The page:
A magnitude-4.0 earthquake shook Johnson and southern Tarrant counties Thursday evening, the biggest quake ever recorded in North Texas, the federal earthquake monitoring agency reported.
There were no reports of serious damage or injury by 9 p.m.
The earthquake’s epicenter was 3 miles north-northwest of Venus and 6 miles south of Mansfield, the U.S. Geological Survey reported. The time was 5:58 p.m.
More than 50 earthquakes have rattled North Texas region since November 2013, most of them in western parts of Dallas but also in the Azle area. In 2009, Johnson County had five small quakes, and in 2012 there were 10 within 30 days in June and July.
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On Thursday, people in Arlington, Alvarado, Burleson, Cleburne, Mansfield and Dallas reported feeling the ground move.
In Johnson County, the first report of damage — cracked blocks under an Alvarado mobile home — was received at 6:30 p.m., said Johnson County emergency management coordinator Jamie Moore.
Later, the resident of a mobile home near Alvarado reported minor foundation damage, he said.
As a precaution, Moore said, the Texas Railroad Commission started sending inspectors to check all the oil and gas infrastructure within a 10-mile radius of the earthquake’s epicenter for cracks or leaks.
Moore said people may report damage through his office’s mobile non-emergency app — Emergency Ops Center, Johnson County, Texas.
Mansfield Fire Chief Barry Bondurant said he learned about the quake only when it lit up social media. He said the fire department had received no reports of damage or injuries.
“I didn’t feel it, and I was standing right here at Fire Station No. 1,” the southernmost of the city’s fire houses, Bondurant said.
Charlotte Crosby was sitting on her couch in Mansfield when she felt her house shake once.
“I never felt anything like that before,” she said. “I had never felt the house move, and it moved. I thought it was going to come again, but it was just one good shake.”
On the Star-Telegram’s Facebook page, college students at UT Arlington and Texas Wesleyan University reported feeling it.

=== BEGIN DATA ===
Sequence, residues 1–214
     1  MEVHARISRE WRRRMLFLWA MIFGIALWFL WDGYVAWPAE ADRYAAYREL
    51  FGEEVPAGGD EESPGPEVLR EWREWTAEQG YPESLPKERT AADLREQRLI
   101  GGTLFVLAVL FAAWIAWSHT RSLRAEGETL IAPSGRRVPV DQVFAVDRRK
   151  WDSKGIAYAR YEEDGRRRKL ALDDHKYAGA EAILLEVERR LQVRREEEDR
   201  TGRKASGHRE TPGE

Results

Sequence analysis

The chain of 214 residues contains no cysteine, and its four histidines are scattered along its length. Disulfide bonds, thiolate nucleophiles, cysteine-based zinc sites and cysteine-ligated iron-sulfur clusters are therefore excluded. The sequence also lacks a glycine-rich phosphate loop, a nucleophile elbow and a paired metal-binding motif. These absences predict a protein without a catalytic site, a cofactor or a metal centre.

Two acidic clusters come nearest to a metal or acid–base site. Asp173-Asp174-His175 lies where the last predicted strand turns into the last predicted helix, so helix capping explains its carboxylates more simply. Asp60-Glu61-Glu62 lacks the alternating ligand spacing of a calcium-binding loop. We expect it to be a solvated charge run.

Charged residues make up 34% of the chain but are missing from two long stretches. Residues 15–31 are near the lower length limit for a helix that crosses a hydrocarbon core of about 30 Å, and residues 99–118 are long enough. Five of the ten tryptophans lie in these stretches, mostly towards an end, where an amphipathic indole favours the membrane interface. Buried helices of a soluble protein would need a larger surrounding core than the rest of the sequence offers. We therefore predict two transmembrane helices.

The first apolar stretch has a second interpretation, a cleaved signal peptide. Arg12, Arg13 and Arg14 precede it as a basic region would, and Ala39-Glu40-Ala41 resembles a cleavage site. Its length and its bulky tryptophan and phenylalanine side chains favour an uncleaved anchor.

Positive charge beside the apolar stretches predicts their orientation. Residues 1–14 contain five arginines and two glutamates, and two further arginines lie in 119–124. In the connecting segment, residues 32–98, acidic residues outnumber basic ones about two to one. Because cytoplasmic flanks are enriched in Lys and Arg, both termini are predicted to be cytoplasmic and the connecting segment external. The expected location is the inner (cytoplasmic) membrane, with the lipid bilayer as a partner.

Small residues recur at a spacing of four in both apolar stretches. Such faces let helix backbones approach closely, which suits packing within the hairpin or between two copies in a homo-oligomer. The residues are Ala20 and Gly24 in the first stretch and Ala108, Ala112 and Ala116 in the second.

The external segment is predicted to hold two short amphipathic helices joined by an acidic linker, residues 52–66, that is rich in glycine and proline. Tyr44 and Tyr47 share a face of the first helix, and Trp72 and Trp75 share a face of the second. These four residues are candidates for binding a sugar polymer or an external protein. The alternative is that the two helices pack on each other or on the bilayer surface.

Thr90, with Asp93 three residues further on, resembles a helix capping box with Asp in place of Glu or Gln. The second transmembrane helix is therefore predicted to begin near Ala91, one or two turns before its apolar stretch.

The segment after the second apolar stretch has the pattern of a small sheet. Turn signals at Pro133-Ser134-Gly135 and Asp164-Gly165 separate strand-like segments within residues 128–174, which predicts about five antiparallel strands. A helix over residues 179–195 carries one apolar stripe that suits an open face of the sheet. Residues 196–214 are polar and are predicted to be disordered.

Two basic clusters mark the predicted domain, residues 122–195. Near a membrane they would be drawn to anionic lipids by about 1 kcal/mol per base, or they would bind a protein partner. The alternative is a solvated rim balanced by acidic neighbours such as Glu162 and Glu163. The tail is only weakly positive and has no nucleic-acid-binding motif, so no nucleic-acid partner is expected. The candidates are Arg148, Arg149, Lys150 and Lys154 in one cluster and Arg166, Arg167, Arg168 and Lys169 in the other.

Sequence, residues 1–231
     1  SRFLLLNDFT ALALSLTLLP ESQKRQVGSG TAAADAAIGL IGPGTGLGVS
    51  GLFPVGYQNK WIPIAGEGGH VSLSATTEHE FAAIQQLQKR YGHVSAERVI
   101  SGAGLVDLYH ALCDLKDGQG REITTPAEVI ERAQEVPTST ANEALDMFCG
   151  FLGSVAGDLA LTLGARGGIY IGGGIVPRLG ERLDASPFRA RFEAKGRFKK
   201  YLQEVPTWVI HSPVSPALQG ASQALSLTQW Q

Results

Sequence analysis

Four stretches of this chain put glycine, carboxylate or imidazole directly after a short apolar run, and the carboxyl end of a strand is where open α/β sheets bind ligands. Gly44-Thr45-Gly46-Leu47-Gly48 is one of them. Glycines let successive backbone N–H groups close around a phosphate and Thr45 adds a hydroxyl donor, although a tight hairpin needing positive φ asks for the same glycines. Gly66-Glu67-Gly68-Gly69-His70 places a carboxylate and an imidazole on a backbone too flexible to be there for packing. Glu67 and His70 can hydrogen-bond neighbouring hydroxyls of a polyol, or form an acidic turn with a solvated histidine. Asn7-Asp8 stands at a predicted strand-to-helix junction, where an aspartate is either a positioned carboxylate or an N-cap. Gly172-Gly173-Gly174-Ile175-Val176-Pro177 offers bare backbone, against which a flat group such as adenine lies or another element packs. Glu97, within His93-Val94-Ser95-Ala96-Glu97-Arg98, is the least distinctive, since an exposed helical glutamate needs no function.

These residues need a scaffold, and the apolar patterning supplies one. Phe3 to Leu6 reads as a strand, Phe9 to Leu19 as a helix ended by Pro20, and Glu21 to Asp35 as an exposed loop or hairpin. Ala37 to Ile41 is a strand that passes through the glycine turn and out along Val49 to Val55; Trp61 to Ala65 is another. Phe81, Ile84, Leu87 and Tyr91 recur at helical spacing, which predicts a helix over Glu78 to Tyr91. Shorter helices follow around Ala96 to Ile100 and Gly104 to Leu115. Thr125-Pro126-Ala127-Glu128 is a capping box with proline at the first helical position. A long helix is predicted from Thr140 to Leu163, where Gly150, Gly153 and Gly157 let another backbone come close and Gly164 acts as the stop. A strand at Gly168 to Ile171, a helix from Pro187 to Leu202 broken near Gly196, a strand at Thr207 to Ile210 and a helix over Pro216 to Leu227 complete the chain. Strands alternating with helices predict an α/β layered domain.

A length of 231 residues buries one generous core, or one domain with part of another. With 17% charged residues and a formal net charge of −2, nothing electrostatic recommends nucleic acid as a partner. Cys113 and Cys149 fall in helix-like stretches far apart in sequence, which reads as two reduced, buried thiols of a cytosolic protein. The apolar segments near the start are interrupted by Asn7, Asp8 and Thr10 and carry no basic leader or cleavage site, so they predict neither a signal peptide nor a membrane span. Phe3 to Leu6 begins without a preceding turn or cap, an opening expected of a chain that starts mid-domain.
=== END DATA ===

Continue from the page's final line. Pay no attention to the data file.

One reader said, “I thought I was imagining things.”
That sentiment was shared by Mansfield resident Jadzia Ajemian’s family.
“I was sitting in my living room at my computer desk and felt movement in the ground,” said Ajemian, who lives in central Mansfield. “I thought it was a big truck that went past and shook the house.
“I asked my family if they felt an earthquake. My husband said that’s crazy, but my daughter said everybody is on Twitter talking about it.
“My husband is from Missouri, the Show Me State, so I looked it up and it was a 4.0 earthquake. So in your face, Greg Ajemian!”
Marilyn Gerloff, who lives east of Lillian in Johnson County, said she felt the rumbling under her feet.
“We’ve had several mini ones” in the past, Gerloff said. “The little ones feel like somebody ran a pickup into the side of the house. This one sounded like a sonic boom.”
None of the Mansfield residents reported damage, just a quick jolt.
“I’ve looked around downstairs and everything is OK,” Gerloff said. “I’m kind of afraid to go upstairs.”
On Monday, SMU researchers testified before a state House committee that their seismic research has linked 27 earthquakes that occurred northwest of Fort Worth from November 2013 to January 2014 to drilling for oil and natural gas. The scientists are continuing to study more recent quakes in the Irving area.
The largest quake ever recorded in Texas was near Valentine in West Texas in 1931, which was a 5.8-magnitude, according to the USGS.
A review of Texas’ earthquake history can be found on the USGS’s website.
Staff writers Amanda Rogers and Robert Cadwallader contributed to this report, which contains information from the Star-Telegram archives.
Monica S. Nagy, 817-390-7792